Separate from the Chorus, Martin created the charity Fruitvox in 2006 that produced Europe Sings, Europride 2007; the highly successful festival Various Voices London at the Southbank Centre, London in 2009, Big Gay Sing, part of the Cultural Olympiad London 2012, Beyond the Rainbow Symposium 2013 and Global Queer and European Queer choir projects.

Since 2010 Martin has served as the first international Board Member for GALA Choruses and was influential in the planning and delivery of GALA Festival 2012. For the 2016 Festival Year Martin will be the first European based Co-President of Gala Choruses. The focus of his work has been on re-shaping the flagship GALA Festival and on International relations and reaching out to new and established choirs across the globe. He also Created the European Queer Choir for attendance at the 2016 GALA Festival.

Martin is a partner in the Integra Planner for the efficient and effective organisation of music groups and festivals as well as educational conferences and production companies, working with Gala Choruses, Unison and Various Voices on the successful delivery of their festivals and organisations. His is also a partner in the training company BKB Impact, that offers support, training and mentoring opportunities to LGBT groups mainly run by volunteers; delivering the Run, Talk, Raise weekend workshops.

Martin created and ran his highly successful catering company for 25 years which was sold in 2014.

Martin was awarded an MBE (Order of the British Empire) by HM The Queen Elizabeth II and invested at Buckingham Palace by HRH The Prince of Wales, Prince Charles, in recognition by the UK Government of his contribution to Music and Community, citing Sing Out and Various Voices but recognising his considerable contribution to the LGBT and general Community and to Musical life of the Capitol and beyond.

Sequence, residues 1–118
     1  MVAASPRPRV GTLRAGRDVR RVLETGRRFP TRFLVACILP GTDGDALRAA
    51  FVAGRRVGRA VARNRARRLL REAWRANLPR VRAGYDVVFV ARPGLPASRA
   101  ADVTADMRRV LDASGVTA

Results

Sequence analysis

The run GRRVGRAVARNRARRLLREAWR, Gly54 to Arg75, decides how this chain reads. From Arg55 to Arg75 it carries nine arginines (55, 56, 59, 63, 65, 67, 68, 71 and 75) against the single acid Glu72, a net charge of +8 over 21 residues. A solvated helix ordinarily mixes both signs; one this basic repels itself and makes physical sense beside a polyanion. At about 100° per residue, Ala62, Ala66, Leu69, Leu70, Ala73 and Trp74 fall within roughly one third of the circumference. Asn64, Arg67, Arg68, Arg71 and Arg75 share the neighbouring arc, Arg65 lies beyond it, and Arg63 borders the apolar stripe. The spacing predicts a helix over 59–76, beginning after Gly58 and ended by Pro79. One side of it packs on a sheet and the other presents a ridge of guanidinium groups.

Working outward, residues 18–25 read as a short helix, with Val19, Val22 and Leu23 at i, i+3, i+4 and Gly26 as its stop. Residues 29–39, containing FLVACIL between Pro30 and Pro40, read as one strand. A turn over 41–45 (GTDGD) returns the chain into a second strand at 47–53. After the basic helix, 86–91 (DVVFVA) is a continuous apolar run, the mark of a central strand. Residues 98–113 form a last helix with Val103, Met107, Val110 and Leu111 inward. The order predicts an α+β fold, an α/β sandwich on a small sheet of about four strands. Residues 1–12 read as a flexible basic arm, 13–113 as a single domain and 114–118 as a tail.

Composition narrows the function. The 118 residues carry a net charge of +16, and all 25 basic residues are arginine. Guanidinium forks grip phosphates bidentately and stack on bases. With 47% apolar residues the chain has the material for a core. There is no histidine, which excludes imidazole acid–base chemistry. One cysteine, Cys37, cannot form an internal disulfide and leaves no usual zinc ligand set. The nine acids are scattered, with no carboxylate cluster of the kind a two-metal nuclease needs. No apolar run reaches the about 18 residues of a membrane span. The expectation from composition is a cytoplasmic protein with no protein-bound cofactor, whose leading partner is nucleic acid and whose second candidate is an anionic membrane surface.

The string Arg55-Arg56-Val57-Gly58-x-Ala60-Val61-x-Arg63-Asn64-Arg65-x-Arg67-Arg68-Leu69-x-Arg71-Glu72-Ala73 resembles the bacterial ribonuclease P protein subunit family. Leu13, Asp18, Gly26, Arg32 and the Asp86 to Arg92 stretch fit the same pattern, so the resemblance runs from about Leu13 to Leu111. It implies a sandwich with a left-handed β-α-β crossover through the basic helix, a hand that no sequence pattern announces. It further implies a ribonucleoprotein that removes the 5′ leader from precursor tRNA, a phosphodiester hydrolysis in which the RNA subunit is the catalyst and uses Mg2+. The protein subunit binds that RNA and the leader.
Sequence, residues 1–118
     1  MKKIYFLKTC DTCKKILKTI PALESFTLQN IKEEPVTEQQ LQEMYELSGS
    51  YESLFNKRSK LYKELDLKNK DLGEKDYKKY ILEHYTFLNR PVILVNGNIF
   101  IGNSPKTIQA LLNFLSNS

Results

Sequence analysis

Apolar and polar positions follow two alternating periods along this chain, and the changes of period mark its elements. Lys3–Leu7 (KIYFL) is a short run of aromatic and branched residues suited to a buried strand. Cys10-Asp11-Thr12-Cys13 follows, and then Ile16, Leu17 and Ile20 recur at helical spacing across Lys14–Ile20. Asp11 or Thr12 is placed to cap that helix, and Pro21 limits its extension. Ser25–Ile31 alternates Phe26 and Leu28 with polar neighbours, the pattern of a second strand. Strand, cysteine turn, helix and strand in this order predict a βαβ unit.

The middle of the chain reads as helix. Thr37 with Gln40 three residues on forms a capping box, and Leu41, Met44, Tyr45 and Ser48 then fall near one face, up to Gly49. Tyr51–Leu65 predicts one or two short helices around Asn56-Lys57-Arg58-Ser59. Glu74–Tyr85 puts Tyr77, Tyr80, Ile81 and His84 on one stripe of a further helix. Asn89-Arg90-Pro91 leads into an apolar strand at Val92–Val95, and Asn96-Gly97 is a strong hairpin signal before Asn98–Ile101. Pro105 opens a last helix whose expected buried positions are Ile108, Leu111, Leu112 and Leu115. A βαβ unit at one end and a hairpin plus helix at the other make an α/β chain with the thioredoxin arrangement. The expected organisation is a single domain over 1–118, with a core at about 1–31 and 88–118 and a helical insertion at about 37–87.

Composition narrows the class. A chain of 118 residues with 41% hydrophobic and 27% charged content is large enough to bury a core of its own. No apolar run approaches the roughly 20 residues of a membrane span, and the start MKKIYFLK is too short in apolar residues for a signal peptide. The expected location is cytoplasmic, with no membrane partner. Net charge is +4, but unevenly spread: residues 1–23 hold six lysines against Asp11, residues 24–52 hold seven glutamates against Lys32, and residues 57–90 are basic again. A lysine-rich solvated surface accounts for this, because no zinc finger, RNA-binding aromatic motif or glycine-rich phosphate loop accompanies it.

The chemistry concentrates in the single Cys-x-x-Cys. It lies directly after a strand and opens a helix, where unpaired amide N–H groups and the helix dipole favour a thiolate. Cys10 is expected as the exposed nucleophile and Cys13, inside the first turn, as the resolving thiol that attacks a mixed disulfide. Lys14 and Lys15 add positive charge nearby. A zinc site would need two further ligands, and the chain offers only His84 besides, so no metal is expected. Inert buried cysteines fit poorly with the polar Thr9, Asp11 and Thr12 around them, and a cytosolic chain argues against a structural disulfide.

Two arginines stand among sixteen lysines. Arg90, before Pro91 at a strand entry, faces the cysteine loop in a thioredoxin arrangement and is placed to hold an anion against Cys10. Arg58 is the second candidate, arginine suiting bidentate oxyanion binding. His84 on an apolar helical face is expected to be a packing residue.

Martin lives in London and Brighton with his husband Raphael. They keenly support Stonewall Football Club, enjoying travel, fine food, entertaining, as well as time out enjoying nature with family and friends.

GregoryBattleSqGreg was chairman during a key transitional moment from the LGMC.  Newly in charity status, the chorus was poised to make a bold step in solidifying its role as a landmark performance group.

The chorus developed the confidence and capacity to produce and deliver Christmas shows independently in first rate London venues to sell out audiences. This was an evolution from the hard work of Greg’s predecessor, Martin Brophy, who brokered the chorus’s relationship with producer Raymond Gubbay.

Greg believes that his opportunity to lead a group full of so much passion for singing and communication, and supporting each other and the wider community, was one of the most rewarding experiences of his life.